The human circulatory system processes an average of 20 liters of blood per day through capillary filtration, which removes plasma from the blood. About 17 liters of filtered blood is reabsorbed directly into the blood vessels, and the remaining three liters remain in the interstitial fluid. One of the main functions of the lymphatic system is to provide an additional return path to the blood for the extra three liters.
Beyond Detox: Unlocking The Secret Healing Power Of The Lymphatic System
Another main function is immune protection. Lymph is very similar to blood plasma in that it contains waste products and cell debris along with bacteria and proteins. Lymph cells consist mainly of lymphocytes. Associated lymphoid organs consist of lymphoid tissue and are sites of lymphocyte production or lymphocyte activation. These include lymph nodes (where the highest concentration of lymphocytes is found), spleen, thymus, and tonsils. Lymphocytes are initially formed in the bone marrow. Lymphoid organs also have other types of cells for support, such as stromal cells.
Fluid from circulating blood flows into body tissues by capillary action, carrying nutrients to cells. Fluid washes the tissues as interstitial fluid, collecting waste, bacteria, and damaged cells, and drains into lymphatic capillaries and lymphatic vessels as lymph. These vessels carry lymph throughout the body and filter unwanted substances such as bacteria and damaged cells through the many lymph nodes. Lymph travels into much larger lymphatic vessels known as lymphatic vessels. The right lymphatic duct drains the right side of the region, while the much larger left lymphatic duct, called the thoracic duct, drains the left side of the body. The ducts empty into the subclavian veins to return to the circulation. Lymph is moved through the system by muscle contraction.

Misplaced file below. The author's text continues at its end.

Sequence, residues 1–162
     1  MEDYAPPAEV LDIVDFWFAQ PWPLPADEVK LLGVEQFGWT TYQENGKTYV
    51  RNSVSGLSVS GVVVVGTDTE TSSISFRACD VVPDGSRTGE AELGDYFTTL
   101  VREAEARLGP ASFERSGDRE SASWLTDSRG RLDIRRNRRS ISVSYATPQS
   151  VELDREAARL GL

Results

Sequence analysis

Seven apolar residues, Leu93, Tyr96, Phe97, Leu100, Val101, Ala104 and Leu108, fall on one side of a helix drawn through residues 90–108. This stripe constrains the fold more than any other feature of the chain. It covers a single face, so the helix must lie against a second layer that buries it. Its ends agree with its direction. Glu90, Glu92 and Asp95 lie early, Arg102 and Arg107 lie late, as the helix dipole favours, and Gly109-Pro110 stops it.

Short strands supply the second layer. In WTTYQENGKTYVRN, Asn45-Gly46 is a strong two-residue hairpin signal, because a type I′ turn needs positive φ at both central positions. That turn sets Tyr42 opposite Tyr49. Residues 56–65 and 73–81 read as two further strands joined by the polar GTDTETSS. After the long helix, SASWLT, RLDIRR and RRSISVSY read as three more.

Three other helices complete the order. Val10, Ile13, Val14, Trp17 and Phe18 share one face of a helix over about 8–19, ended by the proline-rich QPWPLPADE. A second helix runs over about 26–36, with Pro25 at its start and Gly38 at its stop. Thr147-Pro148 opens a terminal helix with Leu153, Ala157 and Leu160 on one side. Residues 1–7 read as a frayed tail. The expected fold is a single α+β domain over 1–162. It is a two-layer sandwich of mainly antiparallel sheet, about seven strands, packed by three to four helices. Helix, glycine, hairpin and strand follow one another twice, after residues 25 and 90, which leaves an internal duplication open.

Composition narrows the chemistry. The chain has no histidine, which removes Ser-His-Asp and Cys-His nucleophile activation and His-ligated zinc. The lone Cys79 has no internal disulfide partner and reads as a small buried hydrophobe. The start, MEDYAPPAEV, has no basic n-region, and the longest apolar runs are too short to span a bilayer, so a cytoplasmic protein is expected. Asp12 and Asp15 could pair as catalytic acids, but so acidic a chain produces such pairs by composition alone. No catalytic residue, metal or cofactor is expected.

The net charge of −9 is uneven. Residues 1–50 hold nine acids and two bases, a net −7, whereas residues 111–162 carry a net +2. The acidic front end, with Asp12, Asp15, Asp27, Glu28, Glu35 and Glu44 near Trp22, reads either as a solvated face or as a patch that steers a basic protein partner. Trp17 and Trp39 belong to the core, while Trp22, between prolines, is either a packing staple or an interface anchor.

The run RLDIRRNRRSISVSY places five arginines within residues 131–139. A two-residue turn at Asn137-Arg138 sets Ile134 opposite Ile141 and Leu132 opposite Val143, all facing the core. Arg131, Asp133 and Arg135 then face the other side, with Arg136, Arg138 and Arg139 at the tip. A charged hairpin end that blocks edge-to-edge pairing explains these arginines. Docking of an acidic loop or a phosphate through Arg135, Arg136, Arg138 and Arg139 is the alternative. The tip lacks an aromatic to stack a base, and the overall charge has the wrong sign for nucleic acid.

The lymphatic system consists of lymphatic vessels, lymphoid organs, lymphoid tissues, and the circulating lymphatic network.
Primary (or primary) lymphoid organs produce lymphocytes from immature progeritor cells. The thymus and bone marrow constitute the main lymphoid organs involved in lymphocyte tissue production and early clonal selection.
Lymphatic System And Immunity